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Resilient Distributed Datasets: A Fault-Tolerant Abstraction for In-Memory Cluster Computing

https://www.usenix.org/system/files/conference/nsdi12/nsdi12-final138.pdf

Summary

The paper is motivated by the problem that traditional big data frameworks(e.g. MapReduce) are inefficient for applications which reuse intermediate results(e.g. iterative algorithms(ML, SQL))[1]. The root cause is that current frameworks require the intermediate result to be written to external storage.[2]
The main contribution of this paper is that it proposes a new abstraction called Resilient distributed dataset(RDD), which allow applications to keep working set in memory for efficient reuse, and also retain the attractive properties of MapReduce(such as Fault-tolerance and data locality). RDDs are 1.immutable 2. created through parallel transformations on data in (local) stable storage 3.can be cached[3]. There are two operations over RDDs: Transformation and Action. Transformation returns new RDDs, whereas Action returns some other data types[4].
Another major advantages of Spark is it does not store all data to provide fault-tolerance[5]. Instead, Spark uses the database notion of data lineage. It logs every operation performed on the data as its lineage, which can be used to reconstruct the lost partitions. It also supports checkpointing to deal with the cases that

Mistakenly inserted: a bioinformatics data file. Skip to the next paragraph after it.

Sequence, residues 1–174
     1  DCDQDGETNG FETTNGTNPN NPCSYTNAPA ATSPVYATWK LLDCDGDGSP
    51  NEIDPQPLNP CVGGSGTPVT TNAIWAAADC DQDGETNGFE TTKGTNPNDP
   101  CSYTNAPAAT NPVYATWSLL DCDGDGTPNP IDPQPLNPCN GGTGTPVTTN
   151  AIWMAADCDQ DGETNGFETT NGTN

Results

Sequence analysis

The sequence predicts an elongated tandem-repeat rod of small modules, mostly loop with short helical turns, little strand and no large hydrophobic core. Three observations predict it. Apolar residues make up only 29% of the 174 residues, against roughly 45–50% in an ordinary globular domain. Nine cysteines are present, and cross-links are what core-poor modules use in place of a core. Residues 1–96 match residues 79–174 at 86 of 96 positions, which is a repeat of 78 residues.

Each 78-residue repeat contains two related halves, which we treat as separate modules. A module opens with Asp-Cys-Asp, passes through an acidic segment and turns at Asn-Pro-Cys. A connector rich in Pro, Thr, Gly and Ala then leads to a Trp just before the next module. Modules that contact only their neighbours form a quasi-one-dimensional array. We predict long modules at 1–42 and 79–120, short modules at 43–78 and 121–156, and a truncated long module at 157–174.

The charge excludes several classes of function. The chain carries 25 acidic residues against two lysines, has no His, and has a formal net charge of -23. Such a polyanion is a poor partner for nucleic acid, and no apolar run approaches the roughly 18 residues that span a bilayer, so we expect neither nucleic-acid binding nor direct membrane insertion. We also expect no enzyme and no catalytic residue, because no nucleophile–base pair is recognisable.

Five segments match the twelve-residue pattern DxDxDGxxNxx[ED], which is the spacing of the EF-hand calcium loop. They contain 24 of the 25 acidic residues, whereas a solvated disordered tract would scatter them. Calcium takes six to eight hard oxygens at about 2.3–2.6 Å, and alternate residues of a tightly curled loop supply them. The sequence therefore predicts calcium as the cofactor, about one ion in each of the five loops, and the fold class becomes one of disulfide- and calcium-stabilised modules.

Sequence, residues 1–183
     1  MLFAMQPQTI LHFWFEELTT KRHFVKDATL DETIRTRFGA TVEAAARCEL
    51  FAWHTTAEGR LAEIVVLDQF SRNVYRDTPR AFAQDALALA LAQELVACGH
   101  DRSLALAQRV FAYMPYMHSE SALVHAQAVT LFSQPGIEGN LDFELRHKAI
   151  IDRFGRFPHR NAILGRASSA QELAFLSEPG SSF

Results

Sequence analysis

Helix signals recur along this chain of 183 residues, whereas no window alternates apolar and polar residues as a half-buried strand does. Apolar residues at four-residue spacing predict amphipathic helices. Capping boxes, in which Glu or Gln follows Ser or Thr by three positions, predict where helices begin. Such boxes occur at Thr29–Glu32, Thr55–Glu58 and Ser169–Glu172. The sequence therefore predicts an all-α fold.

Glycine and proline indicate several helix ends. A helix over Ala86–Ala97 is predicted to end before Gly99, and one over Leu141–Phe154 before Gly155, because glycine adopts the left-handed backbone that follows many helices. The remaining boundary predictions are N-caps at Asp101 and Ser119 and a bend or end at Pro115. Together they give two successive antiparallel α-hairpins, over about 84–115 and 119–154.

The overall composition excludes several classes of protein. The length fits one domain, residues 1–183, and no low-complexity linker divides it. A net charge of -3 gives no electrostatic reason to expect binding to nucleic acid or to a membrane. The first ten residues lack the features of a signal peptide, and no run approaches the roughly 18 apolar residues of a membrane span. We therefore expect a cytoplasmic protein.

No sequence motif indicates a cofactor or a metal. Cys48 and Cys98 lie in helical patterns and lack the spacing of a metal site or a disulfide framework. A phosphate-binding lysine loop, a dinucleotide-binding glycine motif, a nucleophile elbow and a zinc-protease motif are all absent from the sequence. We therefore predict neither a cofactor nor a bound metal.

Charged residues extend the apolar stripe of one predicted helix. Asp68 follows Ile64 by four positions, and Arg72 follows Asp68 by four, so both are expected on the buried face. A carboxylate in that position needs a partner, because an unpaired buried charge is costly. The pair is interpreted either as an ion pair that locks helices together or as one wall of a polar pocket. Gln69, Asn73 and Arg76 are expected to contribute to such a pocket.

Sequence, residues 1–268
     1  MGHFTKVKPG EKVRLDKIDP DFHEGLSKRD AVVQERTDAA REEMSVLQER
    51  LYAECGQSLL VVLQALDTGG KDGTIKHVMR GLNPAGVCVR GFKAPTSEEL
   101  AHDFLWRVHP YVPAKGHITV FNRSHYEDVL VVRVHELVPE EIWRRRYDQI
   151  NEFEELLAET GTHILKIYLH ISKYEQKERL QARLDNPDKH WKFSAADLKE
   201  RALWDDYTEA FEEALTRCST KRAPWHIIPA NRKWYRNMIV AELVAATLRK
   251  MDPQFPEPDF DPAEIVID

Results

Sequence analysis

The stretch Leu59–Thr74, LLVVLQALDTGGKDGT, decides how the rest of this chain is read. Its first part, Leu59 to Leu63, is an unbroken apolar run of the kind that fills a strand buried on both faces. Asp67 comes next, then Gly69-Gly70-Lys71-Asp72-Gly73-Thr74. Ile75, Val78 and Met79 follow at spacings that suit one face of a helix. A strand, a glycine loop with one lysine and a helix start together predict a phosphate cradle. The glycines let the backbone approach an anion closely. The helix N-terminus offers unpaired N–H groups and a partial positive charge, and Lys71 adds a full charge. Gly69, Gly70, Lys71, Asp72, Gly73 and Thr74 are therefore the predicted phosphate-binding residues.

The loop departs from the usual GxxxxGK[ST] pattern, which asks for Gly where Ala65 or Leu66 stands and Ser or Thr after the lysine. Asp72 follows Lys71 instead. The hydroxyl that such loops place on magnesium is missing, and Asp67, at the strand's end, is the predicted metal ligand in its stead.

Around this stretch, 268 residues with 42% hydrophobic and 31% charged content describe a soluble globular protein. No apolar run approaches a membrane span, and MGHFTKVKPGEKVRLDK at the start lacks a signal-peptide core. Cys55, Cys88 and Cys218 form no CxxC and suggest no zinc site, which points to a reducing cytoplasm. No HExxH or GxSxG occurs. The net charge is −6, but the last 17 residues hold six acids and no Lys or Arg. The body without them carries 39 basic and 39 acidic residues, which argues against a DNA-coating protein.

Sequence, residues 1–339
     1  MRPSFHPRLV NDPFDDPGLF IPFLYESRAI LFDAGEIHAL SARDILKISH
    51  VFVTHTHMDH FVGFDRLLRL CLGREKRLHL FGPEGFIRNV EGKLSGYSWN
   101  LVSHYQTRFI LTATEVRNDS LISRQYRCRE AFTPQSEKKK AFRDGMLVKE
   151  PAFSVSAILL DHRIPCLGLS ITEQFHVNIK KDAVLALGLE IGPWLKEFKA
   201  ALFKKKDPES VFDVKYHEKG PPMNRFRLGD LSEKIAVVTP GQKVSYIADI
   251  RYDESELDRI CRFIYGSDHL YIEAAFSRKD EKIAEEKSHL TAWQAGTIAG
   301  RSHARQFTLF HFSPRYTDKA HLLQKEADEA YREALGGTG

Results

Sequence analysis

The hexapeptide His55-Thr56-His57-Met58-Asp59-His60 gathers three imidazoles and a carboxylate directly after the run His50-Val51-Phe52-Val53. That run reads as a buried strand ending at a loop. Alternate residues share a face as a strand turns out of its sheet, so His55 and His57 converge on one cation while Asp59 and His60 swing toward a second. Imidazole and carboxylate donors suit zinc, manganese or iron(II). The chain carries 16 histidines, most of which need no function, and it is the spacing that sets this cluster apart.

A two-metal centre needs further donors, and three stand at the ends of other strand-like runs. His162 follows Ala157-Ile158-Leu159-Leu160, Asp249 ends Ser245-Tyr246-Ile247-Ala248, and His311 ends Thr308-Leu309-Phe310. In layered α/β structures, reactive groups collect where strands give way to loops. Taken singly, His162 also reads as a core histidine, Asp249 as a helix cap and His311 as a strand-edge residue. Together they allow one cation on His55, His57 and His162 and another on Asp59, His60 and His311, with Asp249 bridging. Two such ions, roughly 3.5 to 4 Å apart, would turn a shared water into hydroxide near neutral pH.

Note:

1. Spark implements lazy evaluation. When we call transformation(e.g. map), the operation is not performed immediately. Instead, Spark will record the operations as metadata and wait until the next Action to perform the computation. Lazy evaluation reduces the number of passes it has to take over data)
2. Some confusions about Spark is: What will spark do if I don't have enough memory? According to Spark official documentation: "Spark's operators spill data to disk if it does not fit in memory, allowing it to run well on any sized data". It means Spark can also provide all the capabilities that Hadoop provides.
[1] For example, in Hadoop, stages in MapReduce start from HDFS and end at HDFS.
[2] Which “ incurs substantial overheads due to data replication, disk I/O, and serialization, which can dominate application execution times.“
[3] Because RDDs are stored in memory
[4] Action returns result to the driver program or write to external storage. It also leads to the actual computation.
[5] In traditional systems(such as DSM), "the only ways to provide fault tolerance are to replicate the data across machines or to log updates across machines."

Update:

See here for a deep dive into Spark's scheduler